- Meals are to be eaten with family and friends and enjoyed.
- Physical activity is to be plentiful.
Benefits Of The Green Mediterranean Diet
Voted the number one diet for Overall Health several years in a row by U.S. News and World Report, the Mediterranean Diet is not so much a dietary regime as it is a broad outline on how to eat. Countless studies have touted its benefits. It’s known to increase good cholesterol, decrease bad cholesterol, lower blood pressure, and lower triglycerides.
According to Harvard Medical School, “past research has shown that this type of eating pattern can help lower cholesterol, help with weight loss, improve rheumatoid arthritis, and reduce the risk for developing Alzheimer’s disease, diabetes, and various types of cancer.”
According to this recent study, the new version had an even more significant positive effect than the original. The research concluded that “the green MED diet, supplemented with walnuts, green tea, and Mankai and lower in meat/poultry, may amplify the beneficial cardiometabolic effects of Mediterranean diet.”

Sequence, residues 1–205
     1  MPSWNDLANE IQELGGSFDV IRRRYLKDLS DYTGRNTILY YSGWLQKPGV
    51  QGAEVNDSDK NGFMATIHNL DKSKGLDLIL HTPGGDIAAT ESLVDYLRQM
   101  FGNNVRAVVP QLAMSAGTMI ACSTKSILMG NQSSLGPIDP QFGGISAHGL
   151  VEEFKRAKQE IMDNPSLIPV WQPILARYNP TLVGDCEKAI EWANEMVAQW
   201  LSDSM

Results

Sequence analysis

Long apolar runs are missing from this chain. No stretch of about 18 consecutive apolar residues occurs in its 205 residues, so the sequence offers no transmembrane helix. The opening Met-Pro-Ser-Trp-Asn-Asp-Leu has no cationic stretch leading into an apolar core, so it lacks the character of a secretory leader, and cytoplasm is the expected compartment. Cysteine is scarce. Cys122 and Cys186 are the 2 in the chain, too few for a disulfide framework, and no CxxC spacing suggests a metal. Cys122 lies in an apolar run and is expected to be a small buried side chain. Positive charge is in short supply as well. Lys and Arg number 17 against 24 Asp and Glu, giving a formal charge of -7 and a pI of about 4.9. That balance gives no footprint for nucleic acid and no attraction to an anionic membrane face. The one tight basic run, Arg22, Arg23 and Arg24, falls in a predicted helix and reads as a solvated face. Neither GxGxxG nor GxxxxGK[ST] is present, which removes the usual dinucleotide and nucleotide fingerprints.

It was a study with a small number of participants, but the results were encouraging.
After six months of being on the green Mediterranean diet, the participants had better results on several clinical tests to measure health and had a lower Framingham Risk Score. This test estimates an individual’s cardiovascular risk. It is worth noting that in the study, men benefitted from the diet more than women.
What Foods Are Included in the Green Mediterranean Diet?
This list is exhaustive by no means, but you can get a general sense of what’s included within the green med diet guidelines.
- Olive oil
- Whole grains
- Adzuki beans
- Black beans
- Anasazi beans
- Fava beans
- Garbanzo beans (chickpeas)
- Kidney beans
- Lima beans
- Green peas
- Snow peas
- Snap peas
- Split peas
- Black-eyed peas
- Roasted Soybeans
- Brown rice
- Bulgur (cracked wheat)
- Whole-wheat bread, pasta, or crackers
Foods Suggested In Moderation in The Green Med Diet
- Red Wine
- Low-fat dairy
Foods To Avoid On The Green Med Diet
- Highly processed foods
- Red Meat